An important, yet often neglected, reason to update hymn arrangements relates to chord structures and patterns. Updating a song, or becoming more relevant, is not merely a matter of instrumentation. Simply adding guitar and drums does not make a hymn contemporary. In fact, many of the hymns were composed for piano or organ, so we can do them a disservice by simply swapping instrumentation.
Arrangements need to be flexible. In the music world, arrangements are part of the “language,” just as authors vary their sentence structures. We need to be cognizant of this as musicians — not berating people for being born in a different time period, but being sensitive to how culture has changed. We cannot expect someone born in 1998 to speak the musical language of the 1730′s, and if we do, we are being elitist.
Certain chords (e.g., diminished chords) just aren’t as common in popular music these days, and it can sometimes create an extra barrier that prevents people from focusing on the lyrics of our worship songs. For that reason, it’s beneficial to rearrange hymns, so that more people can appreciate them — even if they are slightly updated.
Of course, we should not limit ourselves to I, IV, V chords. While we should slowly experiment and try to teach congregations different styles, we cannot force it upon them. As with any language, it is necessary to start with what people already speak and gradually teach the new language.
A friend recently asked me to explain what a hymn is, and it is a great question. Here are a few observations. Feel free to comment and add any of your own.
1. A hymn is not determined by when it was written. The date is irrelevant. Many hymns are being written today — usually more modern in style and easier to sing.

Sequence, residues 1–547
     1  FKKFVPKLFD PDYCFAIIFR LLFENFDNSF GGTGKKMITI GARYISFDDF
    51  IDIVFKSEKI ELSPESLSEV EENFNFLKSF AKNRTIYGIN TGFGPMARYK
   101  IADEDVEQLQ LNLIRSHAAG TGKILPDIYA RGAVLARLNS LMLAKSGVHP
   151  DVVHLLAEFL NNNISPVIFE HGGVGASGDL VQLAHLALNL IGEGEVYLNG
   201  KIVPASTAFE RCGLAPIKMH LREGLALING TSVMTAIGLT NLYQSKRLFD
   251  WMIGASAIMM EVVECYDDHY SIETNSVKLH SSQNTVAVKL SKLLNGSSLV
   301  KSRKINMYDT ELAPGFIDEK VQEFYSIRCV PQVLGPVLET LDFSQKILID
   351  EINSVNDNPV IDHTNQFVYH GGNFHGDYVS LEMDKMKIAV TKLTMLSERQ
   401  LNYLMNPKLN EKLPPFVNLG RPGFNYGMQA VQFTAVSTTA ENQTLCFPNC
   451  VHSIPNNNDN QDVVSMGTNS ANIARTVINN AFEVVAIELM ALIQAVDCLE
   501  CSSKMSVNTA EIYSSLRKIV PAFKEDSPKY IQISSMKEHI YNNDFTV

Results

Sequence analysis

2. Hymns often consist of a progression of lyrics, thus the need for multiple verses. (e.g., progressing from the incarnation to the consummation)
3. Hymns are generally more eloquent and theological, and for that reason, they appeal to the cognitive part of us. Hymns inspire by reminding believers of specific doctrinal truths.
4. Hymns are usually laden with complex truths, which makes them suitable to pair with praise choruses that are often simpler and more emotive. We need to worship in both spirit and truth.
5. Hymns often repeat words, especially during a refrain — a trait that they share in common with praise choruses.
6. Hymns are not inerrant. Some are well-written and worth singing, while others are not. Some wonderful hymns have been treasured by the church and passed down for centuries.
7. Hymns acquire deeper meaning over time as Christians sing them in church, at weddings, at funerals, decade after decade. As a Christian sings them over the years, the truth expressed in the lyrics becomes more precious.
8. Older hymns often have a difficult melody line to sing and can be out of the vocal range of many people. The notes and style are not sacred, however, so musicians should feel free to adjust the melody and arrangement for the sake of the congregation.